iM-Magic Partition Resizer Server 2.6.3 war am 2. Mai 2016! als Giveaway verfügbar!
IM-Magic Partition Resizer Server hilft, die Größe eurer Partition zu verändern ohne eure Festplatte neu zu formatieren, euer Betriebssystem neu zu installieren oder einfach nur größere Daten Mengen hin und herschieben zu müssen. Darüber hinaus können fehlerhafte Partitionen neu geordnet werden.
Darüber hinaus könnt ihr eure Partitionen löschen, kopieren, formatieren, verschieben und verwalten, ohne dabei wichtige Daten zu verlieren.
Windows sever 2000/ 2003/ 2008/ 2012 and more
Kommentare zum iM-Magic Partition Resizer Server 2.6.3
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$159,99 ist der absolute Brüller. Nicht mal geschenkt oder als Freeware würde sich dieser Download lohnen. Jeder Handzettel des örtlichen Supermarkt ist informativer, als diese unterbelichtete Promotionsplattform. Kick off..
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easeus ist immer kostenlos und andere führende ba-programme
(acronis, paragon etc.) kosten erheblich weniger
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dianotos, dies ist ja auch eine Server-Version und daher mit Deinen Alternativen nicht vergleichbar...
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My God, they do dig obscure companies up.
Before anyone even bothers to download I'd recommend to pay a short visit to their site and give Google or Bing a chance to throw some light on the product and the company itself.
I do not run a server myself, hence it is difficult for me to image that many of you are familiar with Windows servers.
My Synology NAS data server is as much as my experience goes (Linux).
However, over the many years with Windows PCs I have used quite a number of partitioning applications on my own machines, helping others, starting way back with Powerquest, continueing with Acronis and eventually also moving on to freeware such as EaseUs and Aomei.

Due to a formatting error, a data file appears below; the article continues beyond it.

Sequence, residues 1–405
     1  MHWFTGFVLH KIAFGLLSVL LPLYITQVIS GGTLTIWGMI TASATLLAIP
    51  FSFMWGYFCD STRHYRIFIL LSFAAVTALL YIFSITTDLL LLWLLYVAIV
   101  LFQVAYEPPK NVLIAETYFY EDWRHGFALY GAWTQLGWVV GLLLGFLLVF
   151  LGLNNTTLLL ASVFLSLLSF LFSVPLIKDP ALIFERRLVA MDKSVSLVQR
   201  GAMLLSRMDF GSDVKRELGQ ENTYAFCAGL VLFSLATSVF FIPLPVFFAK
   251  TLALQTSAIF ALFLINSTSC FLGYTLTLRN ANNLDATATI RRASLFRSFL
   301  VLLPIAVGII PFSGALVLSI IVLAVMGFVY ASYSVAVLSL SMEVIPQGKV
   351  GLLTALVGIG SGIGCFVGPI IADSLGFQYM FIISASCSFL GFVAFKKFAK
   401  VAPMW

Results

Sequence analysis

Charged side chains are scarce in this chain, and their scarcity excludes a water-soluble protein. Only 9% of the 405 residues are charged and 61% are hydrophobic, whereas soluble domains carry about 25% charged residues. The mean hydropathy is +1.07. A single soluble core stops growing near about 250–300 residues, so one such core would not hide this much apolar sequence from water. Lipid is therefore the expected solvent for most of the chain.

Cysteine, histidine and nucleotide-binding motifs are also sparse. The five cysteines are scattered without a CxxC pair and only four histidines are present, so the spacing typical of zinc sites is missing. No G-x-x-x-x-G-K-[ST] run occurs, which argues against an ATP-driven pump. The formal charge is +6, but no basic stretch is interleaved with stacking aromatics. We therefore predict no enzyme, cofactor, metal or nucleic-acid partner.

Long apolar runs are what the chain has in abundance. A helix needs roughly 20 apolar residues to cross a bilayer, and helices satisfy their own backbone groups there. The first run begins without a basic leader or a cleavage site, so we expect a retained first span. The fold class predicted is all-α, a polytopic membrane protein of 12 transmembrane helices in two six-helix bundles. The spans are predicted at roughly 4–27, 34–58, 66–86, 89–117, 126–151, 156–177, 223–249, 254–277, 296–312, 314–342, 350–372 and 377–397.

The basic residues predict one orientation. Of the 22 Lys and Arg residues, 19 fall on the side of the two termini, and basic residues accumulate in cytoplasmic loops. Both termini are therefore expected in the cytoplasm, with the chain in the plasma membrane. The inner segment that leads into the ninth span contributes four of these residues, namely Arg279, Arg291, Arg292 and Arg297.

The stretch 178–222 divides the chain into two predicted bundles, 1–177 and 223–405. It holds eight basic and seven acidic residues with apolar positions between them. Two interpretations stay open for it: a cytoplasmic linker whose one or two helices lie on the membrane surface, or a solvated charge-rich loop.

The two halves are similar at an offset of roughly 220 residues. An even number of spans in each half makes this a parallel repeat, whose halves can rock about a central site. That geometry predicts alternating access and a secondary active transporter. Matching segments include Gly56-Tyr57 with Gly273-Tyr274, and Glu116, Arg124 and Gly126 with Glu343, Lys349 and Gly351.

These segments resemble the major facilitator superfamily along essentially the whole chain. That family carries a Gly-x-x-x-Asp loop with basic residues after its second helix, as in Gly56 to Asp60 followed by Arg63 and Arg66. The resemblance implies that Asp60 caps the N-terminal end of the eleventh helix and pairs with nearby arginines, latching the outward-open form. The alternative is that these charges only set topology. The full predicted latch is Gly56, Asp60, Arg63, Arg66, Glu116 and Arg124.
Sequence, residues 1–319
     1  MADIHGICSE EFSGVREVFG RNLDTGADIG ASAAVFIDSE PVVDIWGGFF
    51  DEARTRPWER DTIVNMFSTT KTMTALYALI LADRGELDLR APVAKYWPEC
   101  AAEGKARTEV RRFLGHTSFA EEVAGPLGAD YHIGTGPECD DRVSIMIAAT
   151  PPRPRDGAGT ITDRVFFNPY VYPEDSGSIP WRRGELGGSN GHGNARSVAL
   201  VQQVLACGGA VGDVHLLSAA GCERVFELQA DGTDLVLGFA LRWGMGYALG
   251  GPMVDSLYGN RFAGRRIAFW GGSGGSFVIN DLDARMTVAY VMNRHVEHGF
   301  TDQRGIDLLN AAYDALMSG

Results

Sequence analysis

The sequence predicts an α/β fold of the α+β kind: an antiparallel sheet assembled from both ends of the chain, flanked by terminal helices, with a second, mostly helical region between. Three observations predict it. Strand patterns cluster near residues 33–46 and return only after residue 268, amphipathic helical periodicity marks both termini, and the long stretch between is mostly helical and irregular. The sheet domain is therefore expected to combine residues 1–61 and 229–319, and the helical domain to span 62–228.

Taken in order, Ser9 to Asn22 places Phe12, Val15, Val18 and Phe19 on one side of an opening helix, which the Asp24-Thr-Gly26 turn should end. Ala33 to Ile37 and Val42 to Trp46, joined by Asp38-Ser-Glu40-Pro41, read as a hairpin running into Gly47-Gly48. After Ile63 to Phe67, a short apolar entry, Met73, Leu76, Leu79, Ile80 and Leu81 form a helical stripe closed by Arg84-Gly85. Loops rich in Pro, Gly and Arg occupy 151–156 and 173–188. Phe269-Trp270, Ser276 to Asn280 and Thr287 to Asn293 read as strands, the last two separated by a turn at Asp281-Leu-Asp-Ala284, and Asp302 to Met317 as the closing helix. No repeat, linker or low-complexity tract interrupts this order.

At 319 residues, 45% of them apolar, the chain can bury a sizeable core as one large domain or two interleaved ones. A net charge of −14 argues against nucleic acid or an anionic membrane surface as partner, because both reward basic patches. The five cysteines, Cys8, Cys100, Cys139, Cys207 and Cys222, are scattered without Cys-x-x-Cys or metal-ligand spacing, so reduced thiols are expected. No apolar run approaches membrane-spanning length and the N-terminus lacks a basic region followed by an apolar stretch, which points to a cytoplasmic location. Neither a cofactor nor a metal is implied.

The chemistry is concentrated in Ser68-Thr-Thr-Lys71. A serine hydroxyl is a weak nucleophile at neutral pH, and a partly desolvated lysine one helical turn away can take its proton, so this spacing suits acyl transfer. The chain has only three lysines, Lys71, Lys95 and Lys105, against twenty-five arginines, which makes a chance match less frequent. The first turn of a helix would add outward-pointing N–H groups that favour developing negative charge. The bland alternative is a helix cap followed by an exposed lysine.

Never would I want to play with partitioning software just for the sheer fun or hell of it though I never experienced any problem ever. Having said that I have known people to end up with non-bootable drives, data loss, quasi nervous breakdowns, heartaches, the lot. Usually it was either complete ignorance of the whole process in combination with "fail-guaranteed" software. Not only does you need to have a clear picture of how to go about it sensibly and when it is totally inadvisable to even think about it. A drive past it best times is not a good candidate to play with and without an image of the drive partition and full data backup the shortest period of power failure will make itself felt unpleasantly.
Good luck for today's test candidates!
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iM-Magic Partition Resizer Server obviously does servers, & it does RAID, which to me are it's selling points -- both are a bit more rare on a GOTD. I've looked at & tried iM-Magic partitioning software, but never saw anything in the past that would motivate me to keep it & use it when I already had similar software from AOMEI, EaseUS, & Paragon. It wasn't so much that iM-Magic software was bad, but that the bar was set pretty high -- I already had 3 good apps installed, & that was already probably 2 more than I'd need. The idea of a portable version was/is nice, but it was not fully portable in the strict sense of the word -- the only fully portable partitioning software I've seen is Eassos Partition Guru, which while it's not my favorite, is portable.
Now there are lots of people with no interest or desire for partitioning software, or for working with the more tech aspects of Windows hardware, but if the more tech aspects don't bother you, and you are running or plan to run 10, I'd suggest having at least one partitioning app that you know works with your device(s). Windows 10 is designed around GPT disks [though it works fine with MBR disks], & from time to time since the 1st 10 previews, I've seen occasional hiccups re: partitions.